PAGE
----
Outpatient charts were consulted to determine visual acuity in the affected eye at last visit and to identify patients who subsequently underwent penetrating keratoplasty. Patients were considered to have a “good” clinical outcome when corneal healing was not associated with a visual loss (visual acuity better than the level of initial examination), “poor” outcome if they had one to three lines loss of visual acuity, “very poor” outcome if visual loss was superior to four lines or if a major complication occurred, or if they underwent penetrating keratoplasty.
Univariate analysis was used to evaluate the possible associations between bacterial types, clinical characteristics, risk factors, and clinical outcomes. χ2 Test and Wilcoxon rank sum test were used for univariate study. The variable lists were reduced to those with p value less than 0.1 in the regression analysis. Multivariate study was performed with logistic regression model in order to predict the occurrence of “very poor” visual outcome. spss software (V11.0) for Windows was used for statistical analysis.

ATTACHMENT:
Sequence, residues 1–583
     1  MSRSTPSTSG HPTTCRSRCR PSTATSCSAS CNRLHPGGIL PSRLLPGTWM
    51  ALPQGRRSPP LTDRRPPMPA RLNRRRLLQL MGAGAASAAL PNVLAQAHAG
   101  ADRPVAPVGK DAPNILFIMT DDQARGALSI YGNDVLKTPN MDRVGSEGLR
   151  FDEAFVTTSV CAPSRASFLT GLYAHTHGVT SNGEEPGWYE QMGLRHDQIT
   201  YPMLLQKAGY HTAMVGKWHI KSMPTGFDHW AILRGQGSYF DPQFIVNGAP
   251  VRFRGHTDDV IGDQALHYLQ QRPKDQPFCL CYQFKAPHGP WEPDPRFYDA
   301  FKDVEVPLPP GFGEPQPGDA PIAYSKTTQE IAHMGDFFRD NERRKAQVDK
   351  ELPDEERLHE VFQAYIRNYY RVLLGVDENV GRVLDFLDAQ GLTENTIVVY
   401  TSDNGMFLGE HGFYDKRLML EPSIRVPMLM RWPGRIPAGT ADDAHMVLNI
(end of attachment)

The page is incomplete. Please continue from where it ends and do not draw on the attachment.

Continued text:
A total of 291 patients (300 eyes) were seen with a corneal infiltrate that was compatible with a diagnosis of bacterial keratitis during the study period of 20 months; 228 eyes (76%) were examined for the first time in the emergency department of our hospital whereas 72 (24%) were referred by general practitioners or ophthalmologists, most of whom practise in Paris area, and were already being treated with topical antibiotics: fluoroquinolones (27 cases), aminoglycosides (18 cases), rifamycin (11 cases). Nine patients were treated with corticosteroid eye drops. Self medication with topical anaesthetics were noted in three cases.